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Being Local and Proactive During a Time of Disruption

I went to Whole Foods to grab some fresh fruit for the kids yesterday morning. I arrived at 8:15 am in the hopes of beating any shelf clearing behaviors and, let's be honest, to avoid other people. When I arrived, the store manager was posted in the doorway informing everyone, in a friendly manner, that we had to wait until 9 am because until then shopping was reserved for people 60 years of age or older. I didn't see a single soul argue with this new policy for the simple fact that it seemed like the right thing to do.

On the other hand, I did hear people expressing frustration about the fact that they weren't notified of the change in store hours. Depending on how far they live from the location or how they may have built their plan of the day around the errands that needed doing, I guess this is understandable. You should know that I'm a mere 3 miles away so, I didn't really care. Further, it was nice to be out and about, albeit at a distance.

As a marketer and someone who's primarily focused on helping large brands connect at the local level, I began to do a bit of investigation with the time before the store opened. Perhaps their righteous action just got ahead of the digital communications rollout.

  1. I hit the Whole Foods location page on their website and found a large green callout at the top of the page announcing the change. That's good, but it is their website and should be the first thing they update. Nevertheless, a job well done! PASS.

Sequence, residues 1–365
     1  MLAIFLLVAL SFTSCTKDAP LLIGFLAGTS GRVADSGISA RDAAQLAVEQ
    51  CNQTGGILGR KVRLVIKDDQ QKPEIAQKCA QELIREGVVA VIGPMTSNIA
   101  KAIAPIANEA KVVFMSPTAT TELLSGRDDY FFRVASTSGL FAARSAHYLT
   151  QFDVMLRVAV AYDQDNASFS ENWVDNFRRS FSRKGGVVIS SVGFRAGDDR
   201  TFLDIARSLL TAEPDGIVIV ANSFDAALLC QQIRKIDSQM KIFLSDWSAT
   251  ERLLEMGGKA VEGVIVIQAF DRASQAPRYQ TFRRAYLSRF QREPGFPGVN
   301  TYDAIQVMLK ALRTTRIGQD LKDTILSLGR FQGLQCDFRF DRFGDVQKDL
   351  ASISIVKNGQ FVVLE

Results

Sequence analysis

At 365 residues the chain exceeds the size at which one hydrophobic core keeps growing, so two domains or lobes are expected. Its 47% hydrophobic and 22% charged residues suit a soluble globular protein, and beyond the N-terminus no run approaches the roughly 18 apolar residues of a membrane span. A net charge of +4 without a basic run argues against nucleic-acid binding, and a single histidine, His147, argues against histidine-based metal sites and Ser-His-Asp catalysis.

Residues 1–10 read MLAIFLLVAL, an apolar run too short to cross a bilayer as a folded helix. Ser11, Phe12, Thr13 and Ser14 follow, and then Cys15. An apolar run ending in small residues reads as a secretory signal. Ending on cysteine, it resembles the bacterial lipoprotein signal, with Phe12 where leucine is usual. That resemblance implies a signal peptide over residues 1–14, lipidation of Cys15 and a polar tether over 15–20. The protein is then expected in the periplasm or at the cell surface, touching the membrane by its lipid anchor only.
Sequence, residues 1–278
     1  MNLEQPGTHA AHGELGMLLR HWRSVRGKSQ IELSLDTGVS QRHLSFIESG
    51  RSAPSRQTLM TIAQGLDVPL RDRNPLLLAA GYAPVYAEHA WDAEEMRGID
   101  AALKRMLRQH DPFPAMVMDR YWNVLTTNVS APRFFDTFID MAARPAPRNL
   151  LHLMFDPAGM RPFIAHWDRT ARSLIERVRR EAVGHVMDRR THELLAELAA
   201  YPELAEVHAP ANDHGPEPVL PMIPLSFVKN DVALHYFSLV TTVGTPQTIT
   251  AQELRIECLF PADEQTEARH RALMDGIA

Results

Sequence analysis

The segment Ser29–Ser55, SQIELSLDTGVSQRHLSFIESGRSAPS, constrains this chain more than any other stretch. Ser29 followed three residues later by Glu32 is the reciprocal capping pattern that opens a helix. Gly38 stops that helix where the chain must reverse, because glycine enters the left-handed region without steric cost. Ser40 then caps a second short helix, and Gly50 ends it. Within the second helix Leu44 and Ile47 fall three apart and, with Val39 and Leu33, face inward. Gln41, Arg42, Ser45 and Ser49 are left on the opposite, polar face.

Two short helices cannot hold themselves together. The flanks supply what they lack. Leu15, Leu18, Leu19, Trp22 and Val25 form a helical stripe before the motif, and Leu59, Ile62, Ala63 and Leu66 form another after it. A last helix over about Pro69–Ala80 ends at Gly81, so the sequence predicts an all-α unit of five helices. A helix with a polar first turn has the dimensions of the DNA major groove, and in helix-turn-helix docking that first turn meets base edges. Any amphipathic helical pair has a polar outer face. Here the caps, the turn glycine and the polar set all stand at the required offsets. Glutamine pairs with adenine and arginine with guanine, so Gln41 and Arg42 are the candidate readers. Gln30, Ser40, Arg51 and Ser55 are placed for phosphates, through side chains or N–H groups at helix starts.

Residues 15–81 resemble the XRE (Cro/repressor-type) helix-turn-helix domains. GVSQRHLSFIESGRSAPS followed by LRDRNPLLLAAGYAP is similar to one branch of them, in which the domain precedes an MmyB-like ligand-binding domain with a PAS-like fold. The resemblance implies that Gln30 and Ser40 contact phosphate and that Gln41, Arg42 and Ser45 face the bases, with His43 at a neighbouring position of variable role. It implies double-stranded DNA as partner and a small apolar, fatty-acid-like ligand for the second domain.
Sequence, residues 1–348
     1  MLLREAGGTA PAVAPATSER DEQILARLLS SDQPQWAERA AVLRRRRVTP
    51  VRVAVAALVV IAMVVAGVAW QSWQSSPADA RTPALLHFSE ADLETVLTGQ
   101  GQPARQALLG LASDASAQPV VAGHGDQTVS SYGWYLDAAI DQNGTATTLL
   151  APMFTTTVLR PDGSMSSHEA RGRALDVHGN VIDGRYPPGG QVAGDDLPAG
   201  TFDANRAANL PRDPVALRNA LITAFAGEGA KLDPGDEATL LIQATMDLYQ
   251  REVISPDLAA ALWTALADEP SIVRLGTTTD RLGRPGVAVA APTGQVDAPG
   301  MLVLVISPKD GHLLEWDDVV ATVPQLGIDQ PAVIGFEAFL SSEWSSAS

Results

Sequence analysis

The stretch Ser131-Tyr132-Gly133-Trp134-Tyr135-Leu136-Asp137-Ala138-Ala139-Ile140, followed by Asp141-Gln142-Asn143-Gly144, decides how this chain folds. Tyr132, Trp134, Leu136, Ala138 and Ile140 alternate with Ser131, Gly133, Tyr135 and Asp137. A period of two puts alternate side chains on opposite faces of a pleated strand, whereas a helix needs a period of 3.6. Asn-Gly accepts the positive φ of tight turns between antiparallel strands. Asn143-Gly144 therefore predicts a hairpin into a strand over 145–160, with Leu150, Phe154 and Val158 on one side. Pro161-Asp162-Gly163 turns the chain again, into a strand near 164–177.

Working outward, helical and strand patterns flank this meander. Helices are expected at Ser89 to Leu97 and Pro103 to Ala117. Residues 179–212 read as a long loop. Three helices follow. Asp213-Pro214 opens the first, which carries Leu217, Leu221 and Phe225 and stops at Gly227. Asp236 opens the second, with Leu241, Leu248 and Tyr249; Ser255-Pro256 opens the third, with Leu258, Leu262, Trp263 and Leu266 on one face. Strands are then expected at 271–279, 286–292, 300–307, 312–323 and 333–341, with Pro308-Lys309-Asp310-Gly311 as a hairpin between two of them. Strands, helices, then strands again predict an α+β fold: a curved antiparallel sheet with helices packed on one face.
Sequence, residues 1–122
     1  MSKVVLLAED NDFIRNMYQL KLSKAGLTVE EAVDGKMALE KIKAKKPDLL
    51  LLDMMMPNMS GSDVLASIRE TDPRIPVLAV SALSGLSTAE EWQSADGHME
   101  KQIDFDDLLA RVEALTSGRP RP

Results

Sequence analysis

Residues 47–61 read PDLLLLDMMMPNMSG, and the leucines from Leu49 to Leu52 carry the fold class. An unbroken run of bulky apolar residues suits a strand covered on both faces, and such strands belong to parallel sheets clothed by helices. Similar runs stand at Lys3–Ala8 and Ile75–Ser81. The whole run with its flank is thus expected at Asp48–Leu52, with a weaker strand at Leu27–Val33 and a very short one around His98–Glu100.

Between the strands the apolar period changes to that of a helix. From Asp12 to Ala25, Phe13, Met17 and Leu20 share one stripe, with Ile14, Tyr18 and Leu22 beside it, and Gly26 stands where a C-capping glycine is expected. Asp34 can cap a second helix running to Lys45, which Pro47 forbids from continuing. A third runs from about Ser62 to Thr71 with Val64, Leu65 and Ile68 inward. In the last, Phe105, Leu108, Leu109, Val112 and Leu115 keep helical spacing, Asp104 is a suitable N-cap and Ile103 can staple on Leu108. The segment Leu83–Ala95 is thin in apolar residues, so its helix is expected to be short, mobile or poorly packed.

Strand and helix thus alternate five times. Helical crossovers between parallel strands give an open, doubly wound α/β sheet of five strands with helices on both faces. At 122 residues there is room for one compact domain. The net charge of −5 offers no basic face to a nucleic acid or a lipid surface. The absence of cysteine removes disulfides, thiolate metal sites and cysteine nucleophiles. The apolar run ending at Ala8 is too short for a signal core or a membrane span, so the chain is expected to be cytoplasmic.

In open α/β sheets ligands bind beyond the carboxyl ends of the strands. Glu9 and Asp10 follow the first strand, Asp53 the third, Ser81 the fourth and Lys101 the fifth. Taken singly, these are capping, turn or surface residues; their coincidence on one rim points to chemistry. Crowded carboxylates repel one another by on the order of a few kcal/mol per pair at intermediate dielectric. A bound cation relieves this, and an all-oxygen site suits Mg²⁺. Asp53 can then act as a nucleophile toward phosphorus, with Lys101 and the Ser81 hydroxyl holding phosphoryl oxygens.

2. Next, I looked at 3rd party sites like their Facebook local pages and here are where the problems start. 70% of engagement on social happens on the location pages for businesses like Whole Foods. They are, after all a local store, right? And they did post on the Facebook brand page, but when I searched the store pages there were no POSTS on the subject of changed hours pinned to the top of the page or anywhere else. When I looked at the ABOUT tab, it was business as usual with no callouts of special policies. This repeated across other 3rd party sites, like Yelp etc. FAIL.
  3. Next, I looked at my email inbox, certain that I find something there, given that Whole Foods and Amazon have my contact information and communicate frequently enough. FAIL.
  4. I went to the Whole Foods app and found nothing at all even though the app knows my local store location. FAIL.
  5. Now, no shopper would ever do this but I went to Amazon.com and looked at the COVID-19 response page where I did find an article that referenced the adjusted hours policy at Whole Foods. It's really an article about Amazon's response that includes a callout on the subject and something that no one looking to get groceries at Whole Foods would ever stumble across, but it's there. PASSish.

Before I explore why there are a number of fails here and why it's appropriate enough for customers to express moderate frustration, let me say that this isn't a Whole Foods problem. It is a problem for every location-based business that is not simple based on historical ways of operating. It's easy enough to post something on the brand website and on the brand social media page but that won't accomplish all that much because search engines prioritize local relevance in the results. Further, as a shopper, when I think about Whole Foods, I think about my store. I don't care a lick about the fact that there are hundreds of others and I care even less about visiting your corporate website or FB page unless I have some major issue.

Several steps that businesses need to take across all of their locations to ensure great communication with their customers current and future: